United States District Court, M.D. Florida, Tampa Division
KRISTEN JACQUES, KARA JACQUES, and THE ESTATE OF JOHN JACQUES, Plaintiffs,
SHERYL JACQUES, Defendant. SHERYL JACQUES, Counterclaim Plaintiff,
KRISTEN JACQUES, KARA JACQUES, and THE ESTATE OF JOHN JACQUES, Counterclaim Defendants.
VIRGINIA M. HERNANDEZ COVINGTON UNITED STATES DISTRICT JUDGE.
cause comes before the Court pursuant to Sheryl Jacques'
Motion for Prejudgment Interest (Doc. # 86), which was filed
on December 21, 2016. As stated in the Motion, Kara Jacques
and Kristen Jacques join in the request for prejudgment
interest. At the direction of the Court, Prudential Insurance
Company of America filed a Response in Opposition on January
10, 2017. (Doc. # 92). For the reasons that follow, the Court
denies the Motion.
John Jacques passed away on October 12, 2015, he was covered
by two life insurance policies issued by Prudential. On April
25, 2016, John's ex-wife, Sheryl, filed an ERISA
complaint against Prudential in state court seeking payment
of life insurance benefits under one of the two insurance
policies - the Basic Term Life Policy. (Doc. # 2). On May 24,
2016, Prudential removed the action to this Court based on a
federal question - the ERISA life insurance policy - and, in
the alternative, diversity jurisdiction. (Doc. # 1).
demonstrated that interpleader relief was appropriate by
indicating it was a neutral stakeholder, ready, willing, and
able to disburse insurance proceeds, but not certain as to
the identity of the appropriate beneficiary or beneficiaries
and possibly subject to duplicate liability due to said
uncertainty. Prudential identified John's adult children,
Kristen and Kara, as putative insurance beneficiaries, and
after some investigation, verified that a second life
insurance policy, the Group Universal Life Policy (the GUL
Policy), also covered John. The parties represent that the
Basic Term Life Policy is an ERISA policy and that the GUL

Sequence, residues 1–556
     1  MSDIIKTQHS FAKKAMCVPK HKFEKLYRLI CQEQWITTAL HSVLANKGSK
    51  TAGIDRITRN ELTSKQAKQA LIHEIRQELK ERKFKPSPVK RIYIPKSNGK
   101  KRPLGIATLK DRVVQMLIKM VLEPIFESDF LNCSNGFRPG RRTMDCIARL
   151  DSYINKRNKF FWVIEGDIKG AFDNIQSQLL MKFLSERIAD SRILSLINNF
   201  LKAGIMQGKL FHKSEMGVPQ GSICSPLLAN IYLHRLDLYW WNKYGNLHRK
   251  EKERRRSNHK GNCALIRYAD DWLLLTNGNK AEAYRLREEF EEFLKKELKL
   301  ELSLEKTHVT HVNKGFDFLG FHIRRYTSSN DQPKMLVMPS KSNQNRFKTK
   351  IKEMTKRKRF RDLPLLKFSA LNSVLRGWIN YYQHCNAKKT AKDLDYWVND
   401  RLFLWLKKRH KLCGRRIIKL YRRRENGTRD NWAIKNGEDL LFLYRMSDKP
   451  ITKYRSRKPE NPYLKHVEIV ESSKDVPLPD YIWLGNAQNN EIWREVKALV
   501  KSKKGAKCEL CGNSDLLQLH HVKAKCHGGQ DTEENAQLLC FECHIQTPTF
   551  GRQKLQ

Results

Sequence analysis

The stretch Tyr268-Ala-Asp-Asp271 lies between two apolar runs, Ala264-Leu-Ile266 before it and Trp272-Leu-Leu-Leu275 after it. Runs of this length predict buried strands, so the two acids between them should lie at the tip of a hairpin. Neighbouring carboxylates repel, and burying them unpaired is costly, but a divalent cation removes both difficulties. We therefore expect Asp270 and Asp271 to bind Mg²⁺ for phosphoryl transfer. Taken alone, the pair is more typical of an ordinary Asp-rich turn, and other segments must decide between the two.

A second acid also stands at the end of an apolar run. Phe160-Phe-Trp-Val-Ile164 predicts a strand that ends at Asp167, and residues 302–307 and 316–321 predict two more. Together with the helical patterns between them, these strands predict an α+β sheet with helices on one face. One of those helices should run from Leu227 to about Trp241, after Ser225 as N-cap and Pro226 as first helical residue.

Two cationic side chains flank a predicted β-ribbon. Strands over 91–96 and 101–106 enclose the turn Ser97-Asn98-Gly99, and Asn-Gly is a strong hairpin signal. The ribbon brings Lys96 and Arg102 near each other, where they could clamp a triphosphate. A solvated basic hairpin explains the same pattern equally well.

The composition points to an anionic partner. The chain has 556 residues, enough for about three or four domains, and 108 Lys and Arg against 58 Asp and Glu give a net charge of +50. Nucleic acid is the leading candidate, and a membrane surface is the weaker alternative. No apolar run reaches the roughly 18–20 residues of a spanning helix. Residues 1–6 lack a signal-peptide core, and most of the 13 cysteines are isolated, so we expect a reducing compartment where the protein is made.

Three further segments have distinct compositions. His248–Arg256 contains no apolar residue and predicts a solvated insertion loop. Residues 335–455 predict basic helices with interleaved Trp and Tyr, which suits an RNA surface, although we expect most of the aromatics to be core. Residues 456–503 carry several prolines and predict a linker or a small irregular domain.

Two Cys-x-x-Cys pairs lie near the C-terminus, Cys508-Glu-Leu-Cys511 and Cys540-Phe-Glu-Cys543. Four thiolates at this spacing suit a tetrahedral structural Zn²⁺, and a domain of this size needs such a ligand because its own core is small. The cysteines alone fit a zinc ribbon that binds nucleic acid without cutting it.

Policy is a non-ERISA policy.
Court's direction, Prudential deposited the proceeds of
the Basic Term Life Policy ($85, 000) and the GUL Policy
($119, 041.35) into the Court's registry. (Doc. ## 75,
76). In an Order dated November 2, 2016, the Court granted a
broad release to Prudential:
[O]nce Prudential has deposited all funds in question into
the Court's Registry, it shall be dismissed from this
action with prejudice. Upon the deposit of the insurance
proceeds for both the Basic Term Life Policy and the GUL
Policy, Prudential and its present and former parents,
subsidiaries and affiliated corporations, predecessors,
successors and assigns and their respective officers,
directors, agents, employees, representatives, attorneys,
fiduciaries, and administrators shall be released and
discharged from any and all liability to Sheryl Jacques,
Kristen Jacques, Kara Jacques, and the Estate with respect to
the Basic Term Life Policy and the GUL Policy.
In addition, once the deposit of the funds has been made,
Sheryl Jacques, Kristen Jacques, Kara Jacques, the Estate,
and/or any past, present or future persons, representatives
or conservators on their behalf, are permanently enjoined
from bringing any action or proceeding in any forum, or
making any further actual or implied claims, demands, causes
of action asserted or unasserted, liquidated or unliquidated,
against Prudential arising out of or in connection with the
Basic Term Life Policy or the GUL Policy.
(Doc. # 74 at 18)(emphasis added).
December 19, 2016, the Court was notified that Sheryl, Kara,
and Kristen reached a settlement regarding the distribution
of all life insurance proceeds. (Doc. # 83). The Court
directed the parties to file a stipulation “includ[ing]
direction regarding disbursement of the funds held in the
Court's registry.” (Id.).
providing the Court with any information about the
parties' agreement as to distribution of the insurance
proceeds, Sheryl filed the instant Motion seeking prejudgment
interest from October 12, 2015, the date of John's death,
until November 10, 2016, the date that Prudential deposited
the funds in the Court's registry. (Doc. # 86). In total,
Sheryl seeks $10, 586.03 in prejudgment interest. Prudential
opposes the Motion. (Doc. # 92).
only “pays interest on life insurance death benefits
where the applicable contract provides for the payment of
interest and/or the applicable state statute requires that
claim interest be paid.” (Id. at 2). Sheryl,
Kristen, and Kara have not pointed to any language in either
of the two insurance policies which can be construed as
allowing for the payment of prejudgment interest. And,
Prudential affirmatively represents that “none of the
terms of either policy provide for the payment of interest on
the death benefits.” (Id. at 2-3).
in Flint v. ABB Inc., 337 F.3d 1326, 1329 (11th Cir.